According to the Hamburg-based economic research group Bürgel, 32,760 Germans filed for bankruptcy in the first three months of 2012 - 3.7 percent less than in the same period last year.
This downward trend is being attributed to sinking unemployment and good economic growth, but there is a worrying counter-development – younger and older people are going bankrupt at disproportionally high rates.
The number of men over 60 filing for bankruptcy rose by 5.9 percent in the first quarter of this year compared to the first quarter of last year. This has been put down to dropping pension levels and the lower wages.
But the most dramatic figure came from the other end of the age scale - the number of bankruptcies among people aged between 18 and 25 increased by 35.6 percent to 2,980.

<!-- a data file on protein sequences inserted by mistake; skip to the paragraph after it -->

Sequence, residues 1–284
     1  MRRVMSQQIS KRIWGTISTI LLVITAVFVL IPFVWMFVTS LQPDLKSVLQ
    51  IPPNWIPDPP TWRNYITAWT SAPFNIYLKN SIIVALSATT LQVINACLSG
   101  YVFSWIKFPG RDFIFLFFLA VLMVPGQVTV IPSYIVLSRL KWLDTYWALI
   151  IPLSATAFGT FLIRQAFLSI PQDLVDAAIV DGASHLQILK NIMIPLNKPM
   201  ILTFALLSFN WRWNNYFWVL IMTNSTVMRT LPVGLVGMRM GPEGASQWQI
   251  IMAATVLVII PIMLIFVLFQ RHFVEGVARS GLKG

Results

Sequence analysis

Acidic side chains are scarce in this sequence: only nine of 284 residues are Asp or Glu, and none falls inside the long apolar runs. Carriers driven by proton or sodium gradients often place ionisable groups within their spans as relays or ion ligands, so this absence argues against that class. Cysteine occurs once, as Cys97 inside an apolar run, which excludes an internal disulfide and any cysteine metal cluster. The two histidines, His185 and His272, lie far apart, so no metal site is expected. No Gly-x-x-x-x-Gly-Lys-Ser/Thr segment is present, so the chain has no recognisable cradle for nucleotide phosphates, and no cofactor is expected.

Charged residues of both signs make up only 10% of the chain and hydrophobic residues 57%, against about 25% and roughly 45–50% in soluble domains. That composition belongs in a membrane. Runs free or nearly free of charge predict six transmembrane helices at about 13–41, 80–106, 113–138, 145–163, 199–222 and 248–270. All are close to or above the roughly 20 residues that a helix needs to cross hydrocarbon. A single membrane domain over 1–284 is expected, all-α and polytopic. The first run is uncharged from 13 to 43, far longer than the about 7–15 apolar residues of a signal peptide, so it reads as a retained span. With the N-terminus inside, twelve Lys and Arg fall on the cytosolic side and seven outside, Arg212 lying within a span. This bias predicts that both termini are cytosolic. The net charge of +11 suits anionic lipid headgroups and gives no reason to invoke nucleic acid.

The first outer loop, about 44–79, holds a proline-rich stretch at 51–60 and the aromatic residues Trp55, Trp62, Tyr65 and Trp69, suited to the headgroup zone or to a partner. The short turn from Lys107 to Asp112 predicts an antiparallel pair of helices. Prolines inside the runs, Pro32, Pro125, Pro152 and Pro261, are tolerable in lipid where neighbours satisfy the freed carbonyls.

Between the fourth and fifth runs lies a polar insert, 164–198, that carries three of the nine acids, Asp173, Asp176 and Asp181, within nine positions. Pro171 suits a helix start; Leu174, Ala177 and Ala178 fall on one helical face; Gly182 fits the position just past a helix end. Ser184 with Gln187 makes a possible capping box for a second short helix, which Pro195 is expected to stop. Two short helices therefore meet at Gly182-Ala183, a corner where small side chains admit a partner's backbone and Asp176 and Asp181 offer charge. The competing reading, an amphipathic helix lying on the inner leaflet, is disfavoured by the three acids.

The insolvency experts say that young people are often more vulnerable to bankruptcy as they have less experience of dealing with money, and are less likely to save.
Germans have massively increased their borrowing in the past decade - with total amount of private debt climbing from just over €500 million in 1999 to well over €6.2 billion in 2010. The number of bankruptcy cases jumped from 3,357 to 108,798 in the same period.